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We have previously shown that brief periods of high frequency synaptic stimulation of the rat hippocampus influence the endogenous phosphorylation of a 40,000 Mr brain protein (Browning et al.). The results of the present study demonstrate that this brain phosphoprotein is enriched in a purified mitochondrial fraction and co-migrates with the alpha-subunit of pyruvate dehydrogenase in sodium dodecyl sulfate polyacrylamide gels. Comparisons of total and partial proteolytic fingerprints indicate that the two proteins are essentially identical. In addition, the phosphorylation of the 40,000 Mr brain protein is sensitive to both dichloroacetate and magnesium as has been reported for pyruvate dehydrogenase. Taken together these data provide persuasive evidence that the brain protein is the alpha-subunit of pyruvate dehydrogenase and thereby raise the possibility that even very short periods of synaptic activity influence an enzyme of particular importance to mitochondrial metabolism in brain.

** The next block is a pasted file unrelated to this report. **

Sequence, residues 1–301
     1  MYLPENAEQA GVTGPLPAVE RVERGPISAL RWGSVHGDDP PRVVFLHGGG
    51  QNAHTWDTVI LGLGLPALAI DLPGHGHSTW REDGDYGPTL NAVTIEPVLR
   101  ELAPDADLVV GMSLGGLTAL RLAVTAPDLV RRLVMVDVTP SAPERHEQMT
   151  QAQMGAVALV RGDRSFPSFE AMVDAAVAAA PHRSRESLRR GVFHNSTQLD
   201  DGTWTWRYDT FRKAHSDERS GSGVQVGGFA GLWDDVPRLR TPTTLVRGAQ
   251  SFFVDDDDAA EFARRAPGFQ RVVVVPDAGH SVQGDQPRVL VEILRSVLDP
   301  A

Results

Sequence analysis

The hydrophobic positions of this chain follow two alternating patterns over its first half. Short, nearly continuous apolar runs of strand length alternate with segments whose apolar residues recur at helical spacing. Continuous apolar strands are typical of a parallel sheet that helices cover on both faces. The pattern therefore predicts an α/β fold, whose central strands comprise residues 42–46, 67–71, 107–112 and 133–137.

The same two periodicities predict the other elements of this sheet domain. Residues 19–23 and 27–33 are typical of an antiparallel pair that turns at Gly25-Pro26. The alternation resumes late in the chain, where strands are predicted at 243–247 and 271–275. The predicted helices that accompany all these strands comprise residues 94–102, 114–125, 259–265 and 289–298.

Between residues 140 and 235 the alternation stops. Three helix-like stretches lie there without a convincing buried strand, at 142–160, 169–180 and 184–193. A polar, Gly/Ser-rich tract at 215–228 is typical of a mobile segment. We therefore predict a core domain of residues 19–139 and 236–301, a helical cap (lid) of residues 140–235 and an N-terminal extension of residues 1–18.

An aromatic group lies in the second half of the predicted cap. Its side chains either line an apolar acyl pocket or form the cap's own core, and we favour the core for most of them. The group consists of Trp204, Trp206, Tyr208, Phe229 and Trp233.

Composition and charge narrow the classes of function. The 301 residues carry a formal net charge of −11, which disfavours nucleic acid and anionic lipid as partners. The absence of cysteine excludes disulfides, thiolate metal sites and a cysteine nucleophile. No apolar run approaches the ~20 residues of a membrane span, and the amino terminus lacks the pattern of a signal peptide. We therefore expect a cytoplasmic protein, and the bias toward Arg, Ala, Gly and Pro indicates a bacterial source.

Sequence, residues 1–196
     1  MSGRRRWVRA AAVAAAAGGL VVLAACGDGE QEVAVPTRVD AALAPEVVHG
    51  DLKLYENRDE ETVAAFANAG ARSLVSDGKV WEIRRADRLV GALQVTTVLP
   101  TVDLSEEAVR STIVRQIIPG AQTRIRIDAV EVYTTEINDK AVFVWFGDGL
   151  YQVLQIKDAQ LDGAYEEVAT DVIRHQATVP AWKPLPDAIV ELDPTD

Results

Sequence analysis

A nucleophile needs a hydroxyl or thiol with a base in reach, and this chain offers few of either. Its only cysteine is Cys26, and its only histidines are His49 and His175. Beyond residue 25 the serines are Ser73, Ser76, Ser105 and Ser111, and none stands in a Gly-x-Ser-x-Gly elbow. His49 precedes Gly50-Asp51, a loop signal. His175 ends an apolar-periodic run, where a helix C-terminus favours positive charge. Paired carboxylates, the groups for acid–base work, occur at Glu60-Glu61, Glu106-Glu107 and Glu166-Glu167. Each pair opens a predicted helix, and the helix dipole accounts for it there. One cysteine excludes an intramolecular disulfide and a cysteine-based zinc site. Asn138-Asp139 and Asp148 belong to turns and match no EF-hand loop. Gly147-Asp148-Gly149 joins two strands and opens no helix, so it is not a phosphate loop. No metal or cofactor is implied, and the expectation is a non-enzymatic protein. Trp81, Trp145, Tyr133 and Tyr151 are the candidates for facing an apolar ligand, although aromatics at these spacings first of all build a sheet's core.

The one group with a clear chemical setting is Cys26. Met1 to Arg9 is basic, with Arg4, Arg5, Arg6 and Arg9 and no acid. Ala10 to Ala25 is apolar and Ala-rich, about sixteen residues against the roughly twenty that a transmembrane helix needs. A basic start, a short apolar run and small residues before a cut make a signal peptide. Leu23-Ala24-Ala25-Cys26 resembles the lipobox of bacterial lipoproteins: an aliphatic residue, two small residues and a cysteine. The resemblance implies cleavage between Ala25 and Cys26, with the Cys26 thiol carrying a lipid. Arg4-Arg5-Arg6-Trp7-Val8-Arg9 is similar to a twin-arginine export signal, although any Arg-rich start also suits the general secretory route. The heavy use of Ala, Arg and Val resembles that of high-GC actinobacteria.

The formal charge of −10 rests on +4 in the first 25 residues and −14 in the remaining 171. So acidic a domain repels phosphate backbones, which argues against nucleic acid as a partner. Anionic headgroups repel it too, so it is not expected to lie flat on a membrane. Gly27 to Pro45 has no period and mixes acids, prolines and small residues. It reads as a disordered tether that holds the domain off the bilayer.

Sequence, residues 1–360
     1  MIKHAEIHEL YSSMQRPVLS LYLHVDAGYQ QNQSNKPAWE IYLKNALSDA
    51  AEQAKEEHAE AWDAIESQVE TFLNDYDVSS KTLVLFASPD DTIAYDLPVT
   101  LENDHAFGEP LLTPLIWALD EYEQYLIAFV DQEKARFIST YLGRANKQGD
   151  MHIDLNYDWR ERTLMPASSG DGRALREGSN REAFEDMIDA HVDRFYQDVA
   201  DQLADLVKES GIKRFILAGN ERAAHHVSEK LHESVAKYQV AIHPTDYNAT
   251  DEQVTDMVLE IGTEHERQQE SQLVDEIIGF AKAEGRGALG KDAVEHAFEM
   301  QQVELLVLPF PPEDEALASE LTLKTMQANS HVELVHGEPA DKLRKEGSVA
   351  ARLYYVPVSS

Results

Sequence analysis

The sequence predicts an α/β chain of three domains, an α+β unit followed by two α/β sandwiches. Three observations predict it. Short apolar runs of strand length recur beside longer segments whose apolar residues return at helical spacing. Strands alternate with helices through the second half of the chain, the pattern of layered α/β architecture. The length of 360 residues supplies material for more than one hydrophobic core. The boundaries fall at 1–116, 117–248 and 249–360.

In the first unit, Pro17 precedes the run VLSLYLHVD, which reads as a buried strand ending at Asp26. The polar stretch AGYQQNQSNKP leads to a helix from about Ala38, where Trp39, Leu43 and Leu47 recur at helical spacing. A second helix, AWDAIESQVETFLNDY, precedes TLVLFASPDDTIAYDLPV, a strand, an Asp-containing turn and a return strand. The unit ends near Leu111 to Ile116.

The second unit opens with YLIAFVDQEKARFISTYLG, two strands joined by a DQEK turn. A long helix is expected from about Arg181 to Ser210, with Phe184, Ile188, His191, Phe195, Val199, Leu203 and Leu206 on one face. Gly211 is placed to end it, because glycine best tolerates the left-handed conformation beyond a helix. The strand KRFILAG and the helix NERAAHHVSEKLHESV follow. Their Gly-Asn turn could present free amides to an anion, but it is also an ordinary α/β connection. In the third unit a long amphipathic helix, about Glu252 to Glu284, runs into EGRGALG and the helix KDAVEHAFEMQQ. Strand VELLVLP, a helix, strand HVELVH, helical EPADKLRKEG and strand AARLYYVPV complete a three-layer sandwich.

Journal article


Brain Res

Publication Date





255 - 266


Animals, Dichloroacetic Acid, Electrophoresis, Polyacrylamide Gel, Hippocampus, Magnesium, Male, Mitochondria, Molecular Weight, Phosphoproteins, Phosphorylation, Pyruvate Dehydrogenase Complex, Rats, Synapses